LA Times Exposes Santa Barbara's Marijuana Boom
Santa Barbara County officials have opened the door to host the world's largest marijuana farm, reports the Los Angeles Times.
Reporter Joe Mozingo takes an in-depth look at how one cannabis company was approved to erect hoop greenhouses over 147 acres, creating the largest legal marijuana grow on earth, while the second largest grow at 83 acres is currently being planted two miles away.
Santa Barbara County Supervisors voted not to limit the size and number of marijuana grows, chose not to verify grower's applications for licenses or conduct site inspections, and opted to tax grow operations on gross revenue instead of license square footage without a method to verify the numbers resulting in the county receiving a fraction of what was predicted, reports Mozingo.
Marijuana industry lobbyists are being credited for influencing county officials to approve lax regulations in the past two years unlike any other county in the United States. While having 1.8% of California's state lands, farms in Santa Barbara County hold 35% of all issued cultivation licenses while Humboldt County only has 22%.
The investigative article identified county supervisors Das Williams and Steve Lavagnino as lobbyists' points of contact while mentioning supervisor Gregg Hart hired a marijuana lobbyist as his chief of staff. Dennis Bozanich, deputy county executive officer in Santa Barbara County, joined with Williams and Lavagnino to write temporary measures and a broad ordinance regulating the industry.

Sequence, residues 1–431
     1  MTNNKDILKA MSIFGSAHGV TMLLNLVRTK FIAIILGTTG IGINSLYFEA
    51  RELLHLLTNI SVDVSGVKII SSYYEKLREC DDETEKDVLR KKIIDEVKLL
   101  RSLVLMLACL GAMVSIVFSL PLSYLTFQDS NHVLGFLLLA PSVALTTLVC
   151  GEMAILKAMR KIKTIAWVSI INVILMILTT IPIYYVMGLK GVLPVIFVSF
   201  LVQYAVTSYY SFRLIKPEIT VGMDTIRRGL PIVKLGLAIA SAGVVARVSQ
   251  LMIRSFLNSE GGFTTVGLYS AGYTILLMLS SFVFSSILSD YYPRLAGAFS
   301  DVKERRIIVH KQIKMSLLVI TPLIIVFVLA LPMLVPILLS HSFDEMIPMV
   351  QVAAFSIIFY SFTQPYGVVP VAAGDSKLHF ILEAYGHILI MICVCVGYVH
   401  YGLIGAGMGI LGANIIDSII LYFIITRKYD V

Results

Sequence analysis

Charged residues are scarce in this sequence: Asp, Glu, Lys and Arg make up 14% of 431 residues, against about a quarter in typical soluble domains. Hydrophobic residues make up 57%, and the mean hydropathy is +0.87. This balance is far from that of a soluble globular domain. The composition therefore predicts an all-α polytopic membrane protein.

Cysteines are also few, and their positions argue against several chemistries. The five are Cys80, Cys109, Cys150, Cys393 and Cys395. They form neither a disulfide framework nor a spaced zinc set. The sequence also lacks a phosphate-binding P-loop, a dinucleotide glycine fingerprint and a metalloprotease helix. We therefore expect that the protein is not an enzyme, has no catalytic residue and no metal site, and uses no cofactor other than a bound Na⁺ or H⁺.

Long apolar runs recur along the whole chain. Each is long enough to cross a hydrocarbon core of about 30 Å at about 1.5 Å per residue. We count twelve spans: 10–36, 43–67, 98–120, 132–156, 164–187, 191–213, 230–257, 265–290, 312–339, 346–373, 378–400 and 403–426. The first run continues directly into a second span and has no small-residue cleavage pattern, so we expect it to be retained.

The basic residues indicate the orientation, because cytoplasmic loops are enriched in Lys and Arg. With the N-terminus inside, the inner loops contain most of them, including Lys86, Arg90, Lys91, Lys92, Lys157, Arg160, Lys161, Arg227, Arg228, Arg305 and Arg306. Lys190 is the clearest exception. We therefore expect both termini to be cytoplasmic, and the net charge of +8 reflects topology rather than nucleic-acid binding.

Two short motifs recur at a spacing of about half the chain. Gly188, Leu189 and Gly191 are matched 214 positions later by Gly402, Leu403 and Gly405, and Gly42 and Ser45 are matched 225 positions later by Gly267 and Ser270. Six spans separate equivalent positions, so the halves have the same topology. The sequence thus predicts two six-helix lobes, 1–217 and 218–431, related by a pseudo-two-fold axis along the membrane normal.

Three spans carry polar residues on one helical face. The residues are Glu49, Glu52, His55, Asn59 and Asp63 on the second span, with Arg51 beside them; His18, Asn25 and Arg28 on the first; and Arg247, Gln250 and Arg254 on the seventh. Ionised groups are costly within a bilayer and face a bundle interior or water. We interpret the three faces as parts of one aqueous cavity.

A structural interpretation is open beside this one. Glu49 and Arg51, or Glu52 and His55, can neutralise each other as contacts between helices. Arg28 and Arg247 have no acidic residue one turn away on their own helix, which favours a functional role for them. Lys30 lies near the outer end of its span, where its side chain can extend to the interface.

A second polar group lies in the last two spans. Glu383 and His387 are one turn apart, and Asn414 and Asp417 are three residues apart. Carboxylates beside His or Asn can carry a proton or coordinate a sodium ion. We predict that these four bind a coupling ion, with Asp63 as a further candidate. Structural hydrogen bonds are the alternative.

"Emails and calendars released to The Times through the state public records act show marijuana lobbyists and growers had easy and regular access to Williams and Lavagnino," reports Mozingo.
Both Lavagnino and Williams received campaign contributions from marijuana growers upwards of $12,000 each. A series of email exchanges show Williams advocated on behalf of pot growers to shoot down a proposal that would have required them to bear costs of neighborhood appeals on their permits, he signed and sent a letter to the Coastal Commission that was written by a cannabis consultant regarding a pot ordinance in the coastal zone, frequently socialized with the president of the Carp Growers political coalition, and planned a trip with a marijuana lobbyist.
“The [LA Times article] covers only one side of the story and doesn’t reflect what I’ve done to meet the concerns of Carpinteria residents, which resulted in the Carpinteria Valley having the strictest regulations in the county, including a cap on grows and odor control. We have put in place rigorous enforcement including criminal enforcement in an industry difficult to enforce," Williams said to Jerry Roberts of Newsmakers.
Williams is up for re-election in 2020.
In an interview with Roberts, Lavagnino stated he "totally disagrees" with the LA Times article but has thick skin. Lavagnino went on to defend the transparency of the ordinance drafting process, saying “this was not done in the dark” and noting that there were “60 public meetings” held around it, and shrugged off the suggestion that “we were doing the bidding of one side on this,” reports Roberts.
Read the entire article at LAtimes.com